The Fire Triangle Explained

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When it comes to fire safety, there is plenty you need to consider in order to keep yourself, your employees and your premises safe.

As well as learning how to correctly operate a fire extinguisher and understanding your evacuation routes should a blaze break out, it is also important to understand the fire triangle and how this knowledge can help you in an emergency.

In this article, we’ll explain what the fire triangle is and how you can use it to prevent a fire from breaking out or spreading. 

The fire triangle explained graphic by Asco fire group

What is the Fire Triangle?

The fire triangle concentrates on the three elements of oxygen, heat and fuel that are necessary for a fire to start.

Without these factors, a fire cannot break out and the fire triangle provides an easy to understand visual representation of this.

Fuel is classified as anything that allows a fire to burn and most businesses contain a whole host of these items.

This could include:

  • Paper
  • Wood
  • Fabrics 
  • Oil
  • Electrical equipment

Heat also helps keep a fire burning and this heat is naturally produced as fuel burns.

The only way to cool down a fire is to apply water, foam or another type of liquid depending on what kind of fire you’re dealing with.

The final element of the fire triangle (or the combustion triangle as it is sometimes known) is oxygen.

Fires only need a tiny amount of oxygen (about 16%) to thrive, so it’s important to stifle it when possible.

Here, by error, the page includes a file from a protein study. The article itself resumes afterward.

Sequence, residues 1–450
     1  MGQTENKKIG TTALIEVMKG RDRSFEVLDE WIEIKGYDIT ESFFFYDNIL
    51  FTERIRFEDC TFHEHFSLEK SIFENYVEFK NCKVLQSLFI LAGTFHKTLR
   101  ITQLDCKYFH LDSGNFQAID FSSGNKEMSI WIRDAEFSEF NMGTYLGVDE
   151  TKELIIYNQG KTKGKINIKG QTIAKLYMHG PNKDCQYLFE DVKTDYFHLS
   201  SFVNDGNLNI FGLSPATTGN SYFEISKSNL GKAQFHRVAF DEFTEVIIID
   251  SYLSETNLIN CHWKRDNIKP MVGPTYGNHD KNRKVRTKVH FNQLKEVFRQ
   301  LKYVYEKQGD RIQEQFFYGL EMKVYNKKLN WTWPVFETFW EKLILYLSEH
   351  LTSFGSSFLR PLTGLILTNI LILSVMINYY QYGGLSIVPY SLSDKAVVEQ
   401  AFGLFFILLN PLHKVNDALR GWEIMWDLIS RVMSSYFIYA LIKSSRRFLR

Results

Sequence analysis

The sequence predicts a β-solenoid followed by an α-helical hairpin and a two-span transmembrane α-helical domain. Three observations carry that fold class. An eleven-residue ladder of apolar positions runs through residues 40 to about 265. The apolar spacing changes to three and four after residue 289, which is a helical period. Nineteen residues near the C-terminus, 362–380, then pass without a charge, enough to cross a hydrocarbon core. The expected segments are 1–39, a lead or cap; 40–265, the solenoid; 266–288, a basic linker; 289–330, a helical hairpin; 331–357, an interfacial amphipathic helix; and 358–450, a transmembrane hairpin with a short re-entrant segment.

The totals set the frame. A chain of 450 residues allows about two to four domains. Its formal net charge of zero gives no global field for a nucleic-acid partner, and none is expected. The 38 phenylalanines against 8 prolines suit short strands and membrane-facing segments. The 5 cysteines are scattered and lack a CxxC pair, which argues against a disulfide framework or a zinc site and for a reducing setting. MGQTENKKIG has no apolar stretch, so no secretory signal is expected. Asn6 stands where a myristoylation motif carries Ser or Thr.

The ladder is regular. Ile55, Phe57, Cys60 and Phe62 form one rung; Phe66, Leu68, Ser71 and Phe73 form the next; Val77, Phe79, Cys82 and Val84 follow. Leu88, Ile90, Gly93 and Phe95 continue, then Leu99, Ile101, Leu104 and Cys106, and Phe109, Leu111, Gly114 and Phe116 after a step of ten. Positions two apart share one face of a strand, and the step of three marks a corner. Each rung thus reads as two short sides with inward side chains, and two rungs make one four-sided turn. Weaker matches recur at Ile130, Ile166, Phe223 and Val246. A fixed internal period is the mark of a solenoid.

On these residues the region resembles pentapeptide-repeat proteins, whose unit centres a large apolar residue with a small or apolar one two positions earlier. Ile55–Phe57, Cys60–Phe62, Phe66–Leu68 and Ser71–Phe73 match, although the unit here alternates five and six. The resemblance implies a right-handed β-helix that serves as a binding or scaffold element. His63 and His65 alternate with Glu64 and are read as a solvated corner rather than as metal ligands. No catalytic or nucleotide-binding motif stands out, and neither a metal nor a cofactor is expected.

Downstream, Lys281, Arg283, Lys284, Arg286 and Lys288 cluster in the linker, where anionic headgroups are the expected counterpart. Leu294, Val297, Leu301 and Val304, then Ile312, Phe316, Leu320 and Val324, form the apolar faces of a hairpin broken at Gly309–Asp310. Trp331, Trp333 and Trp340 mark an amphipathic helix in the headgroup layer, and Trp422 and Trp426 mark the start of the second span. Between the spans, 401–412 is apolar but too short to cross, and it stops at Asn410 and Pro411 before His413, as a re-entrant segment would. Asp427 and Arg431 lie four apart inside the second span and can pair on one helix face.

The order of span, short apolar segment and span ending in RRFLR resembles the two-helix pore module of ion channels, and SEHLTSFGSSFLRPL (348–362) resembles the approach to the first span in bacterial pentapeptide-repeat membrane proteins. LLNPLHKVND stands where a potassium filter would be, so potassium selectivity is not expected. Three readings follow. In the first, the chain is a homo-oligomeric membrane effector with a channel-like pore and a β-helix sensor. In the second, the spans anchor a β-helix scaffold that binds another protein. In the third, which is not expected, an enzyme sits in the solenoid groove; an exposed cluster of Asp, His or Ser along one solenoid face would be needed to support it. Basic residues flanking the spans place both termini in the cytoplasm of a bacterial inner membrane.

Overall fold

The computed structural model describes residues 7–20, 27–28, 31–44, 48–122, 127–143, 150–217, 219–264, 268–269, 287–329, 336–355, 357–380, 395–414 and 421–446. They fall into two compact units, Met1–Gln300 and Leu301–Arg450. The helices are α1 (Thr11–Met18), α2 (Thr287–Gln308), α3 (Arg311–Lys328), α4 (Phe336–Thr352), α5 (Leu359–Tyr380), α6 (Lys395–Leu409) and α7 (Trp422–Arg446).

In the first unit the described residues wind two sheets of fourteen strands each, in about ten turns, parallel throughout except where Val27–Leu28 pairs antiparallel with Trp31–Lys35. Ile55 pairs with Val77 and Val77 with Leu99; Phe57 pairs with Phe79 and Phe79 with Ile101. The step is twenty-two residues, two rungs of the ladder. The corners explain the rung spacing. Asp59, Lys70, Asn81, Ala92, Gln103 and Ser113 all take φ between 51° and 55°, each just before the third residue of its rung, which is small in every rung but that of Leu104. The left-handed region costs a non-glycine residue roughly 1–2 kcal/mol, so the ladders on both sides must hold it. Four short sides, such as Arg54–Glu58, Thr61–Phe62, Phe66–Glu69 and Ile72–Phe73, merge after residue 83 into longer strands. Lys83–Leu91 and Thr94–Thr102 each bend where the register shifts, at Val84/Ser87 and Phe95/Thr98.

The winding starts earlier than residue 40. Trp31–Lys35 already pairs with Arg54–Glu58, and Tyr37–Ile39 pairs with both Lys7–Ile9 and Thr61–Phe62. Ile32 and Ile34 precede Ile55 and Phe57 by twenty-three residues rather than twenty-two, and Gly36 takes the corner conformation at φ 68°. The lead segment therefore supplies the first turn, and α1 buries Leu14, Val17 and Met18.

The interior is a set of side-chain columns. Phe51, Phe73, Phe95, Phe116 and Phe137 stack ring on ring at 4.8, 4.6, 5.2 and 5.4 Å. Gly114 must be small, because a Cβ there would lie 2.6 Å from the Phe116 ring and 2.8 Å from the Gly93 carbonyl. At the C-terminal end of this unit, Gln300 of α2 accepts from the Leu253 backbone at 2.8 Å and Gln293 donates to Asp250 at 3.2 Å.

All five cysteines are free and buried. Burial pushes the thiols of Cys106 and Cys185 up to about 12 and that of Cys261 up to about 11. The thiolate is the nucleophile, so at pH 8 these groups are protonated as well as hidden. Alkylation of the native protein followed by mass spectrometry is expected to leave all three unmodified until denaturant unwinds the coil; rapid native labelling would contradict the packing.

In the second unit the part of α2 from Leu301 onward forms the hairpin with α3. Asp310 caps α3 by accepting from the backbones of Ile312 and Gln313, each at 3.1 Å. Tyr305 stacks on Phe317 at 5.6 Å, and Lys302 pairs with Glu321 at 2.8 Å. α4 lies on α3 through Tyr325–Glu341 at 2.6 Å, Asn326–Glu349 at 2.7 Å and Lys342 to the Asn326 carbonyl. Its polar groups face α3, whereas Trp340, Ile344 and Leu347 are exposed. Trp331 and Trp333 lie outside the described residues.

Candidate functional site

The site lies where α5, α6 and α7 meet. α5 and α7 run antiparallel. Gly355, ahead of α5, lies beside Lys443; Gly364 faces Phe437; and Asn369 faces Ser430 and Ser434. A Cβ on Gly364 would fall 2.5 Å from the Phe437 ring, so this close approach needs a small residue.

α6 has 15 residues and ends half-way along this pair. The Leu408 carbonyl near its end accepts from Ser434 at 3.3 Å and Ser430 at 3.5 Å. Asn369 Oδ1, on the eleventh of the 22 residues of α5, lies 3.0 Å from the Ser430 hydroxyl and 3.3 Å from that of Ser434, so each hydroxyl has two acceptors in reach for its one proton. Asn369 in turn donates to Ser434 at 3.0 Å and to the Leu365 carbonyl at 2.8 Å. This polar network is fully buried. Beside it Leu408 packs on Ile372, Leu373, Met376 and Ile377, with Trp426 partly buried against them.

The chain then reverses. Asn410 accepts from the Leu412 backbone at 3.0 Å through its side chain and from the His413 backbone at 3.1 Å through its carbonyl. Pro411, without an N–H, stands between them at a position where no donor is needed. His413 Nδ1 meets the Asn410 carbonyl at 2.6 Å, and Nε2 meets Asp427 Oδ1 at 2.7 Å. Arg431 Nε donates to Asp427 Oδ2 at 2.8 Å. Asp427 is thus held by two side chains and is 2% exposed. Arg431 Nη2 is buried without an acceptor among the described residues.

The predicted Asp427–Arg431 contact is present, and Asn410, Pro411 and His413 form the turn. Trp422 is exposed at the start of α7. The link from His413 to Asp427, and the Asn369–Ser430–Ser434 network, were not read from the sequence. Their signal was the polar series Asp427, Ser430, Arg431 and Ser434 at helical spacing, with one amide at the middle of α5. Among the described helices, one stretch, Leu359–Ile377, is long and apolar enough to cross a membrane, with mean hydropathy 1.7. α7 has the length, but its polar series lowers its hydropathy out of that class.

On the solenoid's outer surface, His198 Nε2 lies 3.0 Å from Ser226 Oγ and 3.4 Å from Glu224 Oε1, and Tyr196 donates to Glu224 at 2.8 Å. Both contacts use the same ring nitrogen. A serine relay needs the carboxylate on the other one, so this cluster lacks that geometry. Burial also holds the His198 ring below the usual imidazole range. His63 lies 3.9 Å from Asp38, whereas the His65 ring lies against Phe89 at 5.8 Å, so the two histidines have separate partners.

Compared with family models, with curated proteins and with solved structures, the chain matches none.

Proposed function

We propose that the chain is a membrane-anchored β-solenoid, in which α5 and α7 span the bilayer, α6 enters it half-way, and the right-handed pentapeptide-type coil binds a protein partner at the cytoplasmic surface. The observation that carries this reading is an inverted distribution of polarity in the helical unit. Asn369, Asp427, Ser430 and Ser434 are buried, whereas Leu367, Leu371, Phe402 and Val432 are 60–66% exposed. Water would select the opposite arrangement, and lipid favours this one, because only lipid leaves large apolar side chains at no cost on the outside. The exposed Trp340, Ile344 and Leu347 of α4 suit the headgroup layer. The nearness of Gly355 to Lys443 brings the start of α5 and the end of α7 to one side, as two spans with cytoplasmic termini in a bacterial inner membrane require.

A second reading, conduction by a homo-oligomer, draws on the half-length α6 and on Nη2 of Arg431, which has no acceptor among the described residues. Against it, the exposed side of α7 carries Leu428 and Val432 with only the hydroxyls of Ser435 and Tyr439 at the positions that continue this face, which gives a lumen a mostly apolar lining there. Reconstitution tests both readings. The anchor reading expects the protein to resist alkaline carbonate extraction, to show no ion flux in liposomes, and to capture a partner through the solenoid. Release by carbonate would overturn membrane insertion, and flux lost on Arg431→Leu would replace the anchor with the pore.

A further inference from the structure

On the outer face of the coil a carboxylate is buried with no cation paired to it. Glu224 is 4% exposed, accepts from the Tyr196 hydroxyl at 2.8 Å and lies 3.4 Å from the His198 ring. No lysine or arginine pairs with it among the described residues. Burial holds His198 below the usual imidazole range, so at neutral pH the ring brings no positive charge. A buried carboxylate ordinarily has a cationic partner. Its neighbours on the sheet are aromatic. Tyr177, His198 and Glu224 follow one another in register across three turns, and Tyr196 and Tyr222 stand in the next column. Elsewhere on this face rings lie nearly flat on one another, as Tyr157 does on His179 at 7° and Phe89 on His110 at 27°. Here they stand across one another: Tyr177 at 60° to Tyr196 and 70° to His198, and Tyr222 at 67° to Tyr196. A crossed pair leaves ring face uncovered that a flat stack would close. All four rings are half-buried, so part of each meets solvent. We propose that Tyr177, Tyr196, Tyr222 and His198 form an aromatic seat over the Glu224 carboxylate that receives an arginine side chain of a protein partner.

There are many different ways you can do this.

Fire blankets may be helpful in particular situations, such as cooking or kitchen fires.

CO2 extinguishers work through displacing oxygen from around the fire and effectively smothering it, and dry powder fire extinguishers work through the powder forming a blanket over the burning fuel and starving the fire of oxygen.

What is the Fire Tetrahedron?

A slightly more complex version of the fire triangle, the fire tetrahedron includes an extra element.

As well as the original three of oxygen, fuel and heat, the fire tetrahedron includes a chemical chain reaction.

For a fire to ignite and then be sustained, there needs to be sufficient energy generated, something that is caused by a chemical chain reaction.

The fire tetrahedron represents this additional element, with the four sides of the shape each featuring one of these core factors.  

The Fire Tetrahedron Explained

Just like the fire triangle, the fire tetrahedron is a simple and easy way to remember what is required for a fire to thrive.

The only difference between the two diagrams is the introduction of the chemical chain reaction, and just like with the other three elements of a fire, it cannot be sustained if one is missing. 

With this in mind, it’s important to curtail the fire as soon as possible.

Most fire extinguishers will be able to stop a fire from getting out of control, but it’s important to select the right one. 

Asco provide a full range of services for Glasgow, Edinburgh, Midlothian, DunsForfarArdrossanAberdeen and the surrounding region.

This is where Asco Fire Group comes in.

We can provide you with a whole host of fire extinguishers that can deal with all manner of blazes. As well as this, we offer a number of fire safety services, including fire risk assessments, fire safety training, fire doors and more.

To find out more about what we do, contact our team today.  

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